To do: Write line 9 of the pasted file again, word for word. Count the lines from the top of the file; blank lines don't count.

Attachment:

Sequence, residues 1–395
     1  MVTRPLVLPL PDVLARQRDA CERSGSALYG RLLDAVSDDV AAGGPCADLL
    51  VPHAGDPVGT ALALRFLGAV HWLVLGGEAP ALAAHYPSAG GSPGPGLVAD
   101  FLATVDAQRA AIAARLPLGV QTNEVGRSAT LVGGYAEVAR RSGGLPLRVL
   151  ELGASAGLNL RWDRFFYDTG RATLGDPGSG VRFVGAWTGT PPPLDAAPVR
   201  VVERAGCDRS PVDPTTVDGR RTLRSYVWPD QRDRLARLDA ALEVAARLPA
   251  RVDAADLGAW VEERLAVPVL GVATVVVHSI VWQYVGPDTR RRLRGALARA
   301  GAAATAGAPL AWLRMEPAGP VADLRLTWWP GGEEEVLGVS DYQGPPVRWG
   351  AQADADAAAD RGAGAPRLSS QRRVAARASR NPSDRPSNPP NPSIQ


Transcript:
   351  AQADADAAAD RGAGAPRLSS QRRVAARASR NPSDRPSNPP NPSIQ